Tuesday, May 22 , 2018, 9:31 pm | Fair 57º

 
 
 
 

Jim Hightower: The KBParty of Plutocratic Rule — What the Supreme Court Wrought

Shouldn't America have at least one major party that isn't beholden to the corporate elite?

Well, don't look now, but such a party has recently popped up, raring to roar into the 2016 presidential race.

Called the KBParty, it has the funding, political network and expertise needed to bypass the establishment's control of the election system. But don't rush to sign up: KB stands for Koch Brothers.

Yes, Charlie and David — the multimillionaire, far-out, right-wing industrial barons who already own several congress critters, governors, political think tanks, PR outfits, academics, astroturf campaign machines, front groups, etc. — now have the equivalent of their very own, private political party.

And their party is not beholden to the corporate elite, since it is the elite. The Koch boys have rallied roughly 300 like-minded, super-rich corporate oligarchs to their brotherhood of plutocrats, and this clique is intent on purchasing a president and congressional majority to impose their version of corporate rule over America.

Won't that be awfully pricey, you ask? Ha — that's not a question that acquisitive billionaires ever ask. For starters, at a secretive retreat in January for KBParty funders, the 300 barons ponied up some $900 million for the campaign they are launching. That's nearly $200 million more than the combined expenditures of the Republican and Democratic parties in last year's elections, and it's way more than either of those parties will have for 2016.

This means that, in our nation of 350 million people, a cabal of only 300 of America's wealthiest, self-serving corporatists will wield predominate power over the elections. This tiny club will have the wherewithal to narrow the choice of candidates presented to the rest of us, the range of policy ideas that are proposed to voters, the overall tone of the campaign year, and — most important — the governing agenda of those who get elected.

The KBParty of Plutocratic Rule is brought to you by the Supreme Court's disastrous Citizens United edict. After the court's 2010 democracy-mugging decree that corporations would henceforth be allowed to dump unlimited amounts of their shareholders' money into our election campaigns, a guy named Larry sent a hot email to me that perfectly summed up what had just been done to us: "Big money has plucked our eagle!"

The black-robed corporatists' freakish Citizens United ruling has already let the KBParty amass their unprecedented electioneering fund, setting them up as the godfathers of Tea Party Republicanism. Supposedly proud candidates for governor, Congress and even such presidential wannabes as Ted Cruz, Rand Paul, Marco Rubio and Scott Walker are shamelessly scurrying to the money throne to kiss the Koch ring, do a song and dance, grovel and pledge fealty to the brotherhood's extremist plutocratic agenda.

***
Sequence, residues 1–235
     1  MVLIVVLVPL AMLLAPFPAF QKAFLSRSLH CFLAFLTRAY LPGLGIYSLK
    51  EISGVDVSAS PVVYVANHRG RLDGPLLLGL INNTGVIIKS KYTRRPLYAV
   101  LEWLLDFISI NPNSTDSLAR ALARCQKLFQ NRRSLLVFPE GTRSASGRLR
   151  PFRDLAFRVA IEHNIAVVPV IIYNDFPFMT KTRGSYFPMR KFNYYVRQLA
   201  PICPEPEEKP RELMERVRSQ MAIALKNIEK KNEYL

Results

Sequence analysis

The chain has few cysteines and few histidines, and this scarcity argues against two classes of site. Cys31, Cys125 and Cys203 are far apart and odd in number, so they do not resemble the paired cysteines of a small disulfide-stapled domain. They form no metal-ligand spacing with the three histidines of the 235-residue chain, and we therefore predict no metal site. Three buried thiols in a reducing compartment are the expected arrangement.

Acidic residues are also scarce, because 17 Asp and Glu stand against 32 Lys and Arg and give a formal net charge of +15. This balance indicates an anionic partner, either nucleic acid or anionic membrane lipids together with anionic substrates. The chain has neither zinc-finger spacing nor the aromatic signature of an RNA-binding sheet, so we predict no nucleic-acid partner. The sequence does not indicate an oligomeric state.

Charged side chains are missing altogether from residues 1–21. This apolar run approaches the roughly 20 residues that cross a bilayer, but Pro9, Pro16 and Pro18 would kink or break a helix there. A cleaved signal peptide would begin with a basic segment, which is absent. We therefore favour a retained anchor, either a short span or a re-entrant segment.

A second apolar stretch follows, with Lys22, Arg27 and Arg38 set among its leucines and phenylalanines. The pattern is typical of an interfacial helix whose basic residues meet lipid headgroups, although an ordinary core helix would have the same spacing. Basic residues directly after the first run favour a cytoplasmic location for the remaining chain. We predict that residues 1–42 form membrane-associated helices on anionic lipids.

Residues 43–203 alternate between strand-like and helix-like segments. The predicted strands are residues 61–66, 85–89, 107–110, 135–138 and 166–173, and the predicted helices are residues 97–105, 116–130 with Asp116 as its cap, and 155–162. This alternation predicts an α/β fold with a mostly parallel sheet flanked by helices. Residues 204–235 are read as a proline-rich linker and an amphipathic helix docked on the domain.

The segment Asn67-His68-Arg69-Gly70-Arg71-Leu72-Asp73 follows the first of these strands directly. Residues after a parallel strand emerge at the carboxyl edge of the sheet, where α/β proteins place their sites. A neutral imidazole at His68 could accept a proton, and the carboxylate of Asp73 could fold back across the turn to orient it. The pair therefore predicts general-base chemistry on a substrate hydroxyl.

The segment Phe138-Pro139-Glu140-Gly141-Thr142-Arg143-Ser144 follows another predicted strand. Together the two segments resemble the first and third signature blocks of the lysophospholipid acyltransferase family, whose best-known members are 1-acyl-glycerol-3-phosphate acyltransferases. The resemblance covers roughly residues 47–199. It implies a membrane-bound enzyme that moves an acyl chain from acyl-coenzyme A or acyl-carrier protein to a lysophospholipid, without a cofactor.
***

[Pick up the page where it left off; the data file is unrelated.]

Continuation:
But big money is plucking our eagle not only because it corrupts candidates but also because it is used to deny crucial information to voters and greatly diminish their participation in what has become a farce. First of all, the biggest chunk of cash spent by the KBParty will go right into a mind-boggling squall of television ads, none of which will explain who they're for and why. Rather, they will be nauseatingly negative attack ads, brimming with optical trickery and outright lies to trash the candidates they're against. Worse, voters will not even be informed that the garbage they're watching is paid for by the Koch cabal, since another little favor the Supreme Court granted to the corporate plutocrats is that they can run secret campaigns, using their front groups as screens to keep voters from knowing what special interests are behind the ads — and why.

We saw the impact of secret, unrestricted corporate money in last year's midterm elections. It produced a blight of negativity, a failure of the system to address the people's real needs, an upchuck factor that kept nearly two-thirds of the people from voting, and a rising alienation of the many from the political process and government owned by the few. The Koch machine spent about $400 million to get those results. This time, they'll spend more than twice that.

To help ban the corporate cash that's clogging America's democratic process and killing our people's right to self-government, go to DemocracyIsForPeople.org.

Jim Hightower is a national radio commentator, writer, public speaker and author of Swim Against The Current: Even A Dead Fish Can Go With The Flow. Click here to contact him, follow him on Twitter: @JimHightower, or click here to read previous columns. The opinions expressed are his own.

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